21. SMP 4 - Model with mathematics. • Students: • Apply math to solve problems in everyday life. • Represent math by using symbols, pictures, concrete representation, graphs or equation writing. • Analyze relationships and draw conclusions • Interpret results in context • Reflect if results make sense

22. CCSS Practice #4

23. What does this Array tell us?

24. Why Arrays?

25. SMP 5 - Use appropriate tools strategically. • Students: • have access to a variety of tools • counters, place value blocks, hundred boards, number lines, geometric shapes, paper/pencil, etc. • determine which tools are most appropriate to use • explain why they used a specific tool • use tools appropriately • have experiences with educational technology • Calculators, virtual manipulatives, games that support conceptual understanding or higher order thinking skills

26. CCSS Practice #5

27. Number Lines

28. What does SMP5 look like in a K-2 classroom? • Students have easy access to math tools. • Students select their own tools.

29. SMP 6 – Attend to precision. • Students: • are precise in their communication • are precise in their calculations • are precise in their measurements (no gaps or overlaps) • describe their actions and strategies clearly • use grade-level appropriate mathematical vocabulary accurately • give precise explanations and reasoning • check their work for accuracy and reasonableness of solutions

30. CCSS Practice #6

31. Equality Insert link from cpalms

32. What does SMP6 look like in a K-2 classroom? • How does a student (or teacher) talk through a subtraction with regrouping model? 413 -168

33. SMP 7 - Look for and make use of structure. • Students: • look for patterns and structures in the number system and other areas of mathematics • begin to recognize the commutative property • begin to recognize that numbers can be decomposed into tens and leftovers (ones) • work with subtraction as missing addend problems (How much more do I need to get to ___?) • skip count by tens off the decade to solve addition and subtraction problems • recognize that ten ones equals a ten, and ten tens equals a hundred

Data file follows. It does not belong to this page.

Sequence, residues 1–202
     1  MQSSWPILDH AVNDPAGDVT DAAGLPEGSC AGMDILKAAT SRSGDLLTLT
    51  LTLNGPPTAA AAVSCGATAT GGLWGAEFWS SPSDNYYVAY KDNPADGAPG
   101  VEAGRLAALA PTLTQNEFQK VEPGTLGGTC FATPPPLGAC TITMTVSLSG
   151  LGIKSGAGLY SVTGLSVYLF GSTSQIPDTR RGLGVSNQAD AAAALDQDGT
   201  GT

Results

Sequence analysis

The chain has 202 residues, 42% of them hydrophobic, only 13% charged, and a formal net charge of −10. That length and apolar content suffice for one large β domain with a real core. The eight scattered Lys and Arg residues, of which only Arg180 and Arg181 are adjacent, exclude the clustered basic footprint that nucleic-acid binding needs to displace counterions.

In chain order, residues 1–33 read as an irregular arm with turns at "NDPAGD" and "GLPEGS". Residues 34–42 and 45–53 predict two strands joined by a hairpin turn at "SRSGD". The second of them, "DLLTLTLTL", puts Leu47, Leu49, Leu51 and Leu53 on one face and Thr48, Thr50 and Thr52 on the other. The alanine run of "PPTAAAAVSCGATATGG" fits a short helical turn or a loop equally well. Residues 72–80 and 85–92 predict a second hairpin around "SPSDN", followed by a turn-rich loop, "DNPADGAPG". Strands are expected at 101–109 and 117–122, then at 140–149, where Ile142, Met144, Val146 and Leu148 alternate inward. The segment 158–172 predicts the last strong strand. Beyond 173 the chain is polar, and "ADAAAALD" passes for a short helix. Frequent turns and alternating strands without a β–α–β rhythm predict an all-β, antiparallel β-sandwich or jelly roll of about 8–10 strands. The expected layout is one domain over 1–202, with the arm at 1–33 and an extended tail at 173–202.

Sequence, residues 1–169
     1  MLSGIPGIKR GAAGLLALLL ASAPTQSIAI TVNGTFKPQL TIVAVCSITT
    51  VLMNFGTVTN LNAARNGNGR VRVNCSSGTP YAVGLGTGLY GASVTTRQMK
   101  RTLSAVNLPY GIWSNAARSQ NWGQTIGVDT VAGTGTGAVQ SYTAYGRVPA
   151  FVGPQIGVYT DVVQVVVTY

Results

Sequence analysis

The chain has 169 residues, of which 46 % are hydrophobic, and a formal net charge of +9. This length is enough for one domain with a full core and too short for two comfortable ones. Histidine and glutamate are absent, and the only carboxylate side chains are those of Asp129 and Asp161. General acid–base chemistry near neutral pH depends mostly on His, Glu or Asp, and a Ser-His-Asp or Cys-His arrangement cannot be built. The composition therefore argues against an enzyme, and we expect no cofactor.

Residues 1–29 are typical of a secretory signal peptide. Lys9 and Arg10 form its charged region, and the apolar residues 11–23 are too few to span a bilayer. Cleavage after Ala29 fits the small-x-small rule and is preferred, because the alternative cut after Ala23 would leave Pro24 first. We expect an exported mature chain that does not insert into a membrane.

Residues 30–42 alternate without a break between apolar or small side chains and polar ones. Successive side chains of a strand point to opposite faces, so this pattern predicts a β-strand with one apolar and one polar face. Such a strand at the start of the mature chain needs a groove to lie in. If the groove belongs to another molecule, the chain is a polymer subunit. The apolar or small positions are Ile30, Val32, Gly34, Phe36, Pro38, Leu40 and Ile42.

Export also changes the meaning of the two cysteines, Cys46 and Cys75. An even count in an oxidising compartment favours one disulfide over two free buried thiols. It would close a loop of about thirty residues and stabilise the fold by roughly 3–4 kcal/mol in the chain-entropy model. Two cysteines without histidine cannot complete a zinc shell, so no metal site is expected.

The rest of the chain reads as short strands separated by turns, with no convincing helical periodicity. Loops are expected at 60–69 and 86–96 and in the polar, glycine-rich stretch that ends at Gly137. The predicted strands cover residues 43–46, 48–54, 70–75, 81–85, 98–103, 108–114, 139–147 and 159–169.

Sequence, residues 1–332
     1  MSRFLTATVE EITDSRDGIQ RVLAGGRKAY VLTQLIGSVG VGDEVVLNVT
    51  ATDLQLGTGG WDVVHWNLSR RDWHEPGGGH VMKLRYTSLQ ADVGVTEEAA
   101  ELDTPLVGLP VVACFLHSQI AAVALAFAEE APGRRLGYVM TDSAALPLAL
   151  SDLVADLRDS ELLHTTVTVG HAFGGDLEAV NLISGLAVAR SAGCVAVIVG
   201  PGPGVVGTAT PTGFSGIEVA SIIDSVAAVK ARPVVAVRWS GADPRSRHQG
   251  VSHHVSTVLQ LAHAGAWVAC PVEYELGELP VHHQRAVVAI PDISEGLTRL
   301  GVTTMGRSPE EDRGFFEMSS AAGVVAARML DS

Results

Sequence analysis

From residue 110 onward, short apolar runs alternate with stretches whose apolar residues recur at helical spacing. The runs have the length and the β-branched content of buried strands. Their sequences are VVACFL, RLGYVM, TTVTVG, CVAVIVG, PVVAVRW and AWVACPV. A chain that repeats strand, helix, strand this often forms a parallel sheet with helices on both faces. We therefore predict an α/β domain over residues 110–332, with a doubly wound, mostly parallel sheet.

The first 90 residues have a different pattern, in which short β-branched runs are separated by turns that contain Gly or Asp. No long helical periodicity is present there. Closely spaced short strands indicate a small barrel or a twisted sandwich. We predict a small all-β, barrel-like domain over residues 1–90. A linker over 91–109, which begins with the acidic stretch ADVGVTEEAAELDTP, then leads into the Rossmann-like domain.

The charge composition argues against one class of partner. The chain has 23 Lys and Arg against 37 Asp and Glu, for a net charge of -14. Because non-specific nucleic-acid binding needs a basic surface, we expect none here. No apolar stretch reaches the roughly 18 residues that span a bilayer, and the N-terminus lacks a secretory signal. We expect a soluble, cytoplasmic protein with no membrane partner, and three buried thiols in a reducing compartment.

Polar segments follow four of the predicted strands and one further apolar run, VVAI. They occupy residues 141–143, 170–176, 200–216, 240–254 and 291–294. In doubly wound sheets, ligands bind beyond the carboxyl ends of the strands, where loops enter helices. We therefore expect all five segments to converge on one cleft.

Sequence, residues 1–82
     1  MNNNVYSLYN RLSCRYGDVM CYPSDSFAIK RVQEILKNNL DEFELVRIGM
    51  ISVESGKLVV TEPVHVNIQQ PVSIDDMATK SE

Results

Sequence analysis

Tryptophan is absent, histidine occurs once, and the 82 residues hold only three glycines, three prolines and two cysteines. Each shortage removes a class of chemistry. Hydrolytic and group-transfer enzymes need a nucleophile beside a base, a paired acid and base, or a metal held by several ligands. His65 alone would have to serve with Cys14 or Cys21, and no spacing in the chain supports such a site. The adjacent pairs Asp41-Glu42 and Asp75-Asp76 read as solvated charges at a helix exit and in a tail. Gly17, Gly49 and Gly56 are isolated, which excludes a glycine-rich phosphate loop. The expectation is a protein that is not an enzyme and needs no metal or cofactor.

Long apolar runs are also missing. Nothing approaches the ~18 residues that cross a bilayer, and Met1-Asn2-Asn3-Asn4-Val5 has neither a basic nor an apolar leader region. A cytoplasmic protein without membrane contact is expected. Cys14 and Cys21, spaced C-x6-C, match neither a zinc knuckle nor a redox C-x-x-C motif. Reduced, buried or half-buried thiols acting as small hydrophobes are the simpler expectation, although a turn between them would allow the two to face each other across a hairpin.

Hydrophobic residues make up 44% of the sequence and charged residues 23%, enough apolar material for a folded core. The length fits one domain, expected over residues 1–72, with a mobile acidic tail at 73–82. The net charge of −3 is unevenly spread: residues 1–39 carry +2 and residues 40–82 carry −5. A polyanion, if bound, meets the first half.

34. CCSS Practice #7

35. 1 2 3 4 5 6 7 8 9 10 11 12 13 14 15 16 17 18 19 20 21 22 23 24 25 26 27 28 29 30 31 32 33 34 35 36 37 38 39 40 41 42 43 44 45 46 47 48 49 50 51 52 53 54 55 56 57 58 59 60 61 62 63 64 65 66 67 68 69 70 71 72 73 74 75 76 77 78 79 80 81 82 83 84 85 86 87 88 89 90 91 92 93 94 95 96 97 98 99 100 What does SMP7 look like in a K-2 classroom? 82 - 14 = 68 53 + 23 = 76 82 - 14 = ? 53 + 23 = ?

36. Word ProblemTake a Deep Breath! • Mr. Centeno had a fruit fly problem. • On day 1 there were two fruit flies. • On day 2 there were four fruit flies. • On day 3 there were six fruit flies. • How many fruit flies would Mr. Centeno have on day 5? • Answer: 10 • What was the pattern? +2

37. SMP 8 - Look for and express regularity in repeated reasoning. • Students: • look for regularity in problem structures when solving mathematical tasks • compose and decompose numbers in different ways • use composition to make a ten and add the extras • use decomposition and composition to break apart numbers by place value to add and subtract larger numbers • look for the most efficient strategies for computations (including doubles, doubles 1 or 2, make a ten, counting on, etc.) • use repeated reasoning when solving a task with multiple correct solutions • check for reasonableness during and after task

38. What does SMP7 look like in a K-2 classroom? • Addition facts that equal ten • How does a student know they have found them all? 0 + 10 = 10 • Equivalent Representations 4 + 6 = 10 8 + 2 = 10 3 + 7 = 10 10 + 0 = 10 4 + 6 = 10 6 + 4 = 10 3 + 7 = 10 6 + 4 = 10 7 + 3 = 10 7 + 3 = 10 8 + 2 = 10 9 + 1 = 10 0 + 10 = 10 9 + 1 = 10 10 + 0 = 10

39. CCSS Practice #8

40. What does SMP8 look like in a K-2 classroom? What is ten more than …… 3? 13? 23? 33? 43? 53?

41. What does SMP8 look like in a K-2 classroom? • Make a Ten (Add the Extra) 6 + 7 = 13 4 3 10 + 3 = 13

42. Repeated Pattern Activity Directions. Multiply the middle number by itself. Multiply the outer numbers to each other. Compare the products 5,6,7 3,4,5 6,7,8 What conjecture can you come up with? What is 29x31 and why? What would the Algebraic formula look like?

43. Mathematics – Grades K - 5 • 5 Domains • Counting and Cardinality • Operations and Algebraic Thinking • Number and Operations in Base Ten • Measurement and Data • Geometry

44. Mathematics – Grades 1st – 5th • 4 Domains • Operations and Algebraic Thinking(OA) • Number and Operations in Base Ten(NBT) • Measurement and Data(MD) • Geometry(G)